Also you want to be on the look out for signs of tampering when buying a used mac. Many of these are repaired and resold many times, and that is not a bad thing, but the more its been tampered with, the more likely something could go wrong. Usually its just a matter of making sure it looks okay by looking at the bottom to make sure all of the screws are there. Missing screws are a sign of someone working on the computer and not being professional enough to at least put all of the screws back in. Thats not really a good thing. Also make sure to test the keys out to make sure they all feel the same and work. Make sure the sound works and CD drive as well if you have something to test it. Usually most of us don’t. Its not a bad idea to check the USB ports with a phone charger to make sure they work. If that and the specs check out, then it could be a great buy. Read below for some known issues to watch for, as some models you may want to avoid.
System Requirements Needed To Make Beats
In the screenshot above, I have listed the minimum requirements of running Logic Pro X. That is not to say that that is the software that you are deciding to use, but this will give you a good basis on where to start. Go to the website of the DAW that you plan to use and find their system requirements to make sure to get enough for what you need. For instance, Logic Pro X needs 63GB for its sound library, but you may also plan to get Native Instruments Komplete which uses upwards to 120GB of space. So This is where those numbers come into play. Mostly the RAM and hard drive sizes, but the processor plays an important part as well.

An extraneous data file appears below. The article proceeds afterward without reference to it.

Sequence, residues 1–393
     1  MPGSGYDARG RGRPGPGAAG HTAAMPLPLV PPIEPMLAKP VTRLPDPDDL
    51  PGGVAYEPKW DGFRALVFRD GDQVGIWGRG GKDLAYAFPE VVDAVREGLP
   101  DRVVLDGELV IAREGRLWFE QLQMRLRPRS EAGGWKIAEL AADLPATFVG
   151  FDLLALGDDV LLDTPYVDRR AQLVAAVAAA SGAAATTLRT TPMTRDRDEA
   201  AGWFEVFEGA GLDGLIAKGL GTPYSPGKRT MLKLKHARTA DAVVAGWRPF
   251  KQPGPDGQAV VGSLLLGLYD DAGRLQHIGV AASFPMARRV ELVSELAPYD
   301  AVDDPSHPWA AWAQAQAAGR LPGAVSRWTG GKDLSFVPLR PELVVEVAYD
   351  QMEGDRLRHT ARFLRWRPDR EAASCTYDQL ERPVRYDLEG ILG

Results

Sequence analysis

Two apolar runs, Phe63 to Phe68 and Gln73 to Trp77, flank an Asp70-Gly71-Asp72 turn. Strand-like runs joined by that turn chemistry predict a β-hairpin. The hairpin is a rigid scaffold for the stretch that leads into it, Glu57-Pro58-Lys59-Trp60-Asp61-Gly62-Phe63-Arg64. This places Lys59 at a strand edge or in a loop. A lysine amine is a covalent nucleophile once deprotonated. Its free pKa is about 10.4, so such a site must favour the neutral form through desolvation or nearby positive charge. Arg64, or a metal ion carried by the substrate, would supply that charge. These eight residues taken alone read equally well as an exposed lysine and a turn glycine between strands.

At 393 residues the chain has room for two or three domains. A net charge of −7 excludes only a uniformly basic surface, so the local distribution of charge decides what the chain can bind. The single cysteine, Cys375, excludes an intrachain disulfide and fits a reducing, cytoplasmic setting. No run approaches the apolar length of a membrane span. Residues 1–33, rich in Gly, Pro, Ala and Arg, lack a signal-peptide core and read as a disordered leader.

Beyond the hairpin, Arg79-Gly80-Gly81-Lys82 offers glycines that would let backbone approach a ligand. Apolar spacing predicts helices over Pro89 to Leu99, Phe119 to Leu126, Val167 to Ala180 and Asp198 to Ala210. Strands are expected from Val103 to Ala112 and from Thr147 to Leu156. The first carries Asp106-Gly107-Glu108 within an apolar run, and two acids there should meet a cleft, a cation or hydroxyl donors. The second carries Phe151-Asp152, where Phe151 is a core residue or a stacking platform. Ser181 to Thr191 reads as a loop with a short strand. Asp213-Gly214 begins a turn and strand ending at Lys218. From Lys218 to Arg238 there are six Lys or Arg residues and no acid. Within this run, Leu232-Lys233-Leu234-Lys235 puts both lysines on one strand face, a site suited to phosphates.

Just by this alone it could help you start making a choice on a mac for making beats with. I would suggest to plan a bit for the future, so if a program says it requires 4GB of RAM, I would get the next step up at least which is 8GB of RAM. That way in case the software updates and wants to unlock some more dopeness, you will have the power needed if it requires it. RAM is one thing, usually you will get it in 4, 8 or 16 gigabytes. So thats pretty simple to figure out.
As far as hard drive size, I will always say, you want as much hard drive as you can get! Now, not if it increases the price a ton though. One thing to note is that a lot of software can be installed onto external hard drives, freeing up your internal space. So that 63GB of sounds that Logic wants to install can go on the external drive, where as the 6GB of software programming will go onto your internal drive. That can be confusing a bit, but just know, it can allow you to not have to pay so much for a computer just for the storage, when you can expand that storage later.
What software should I use on my Mac for making beats?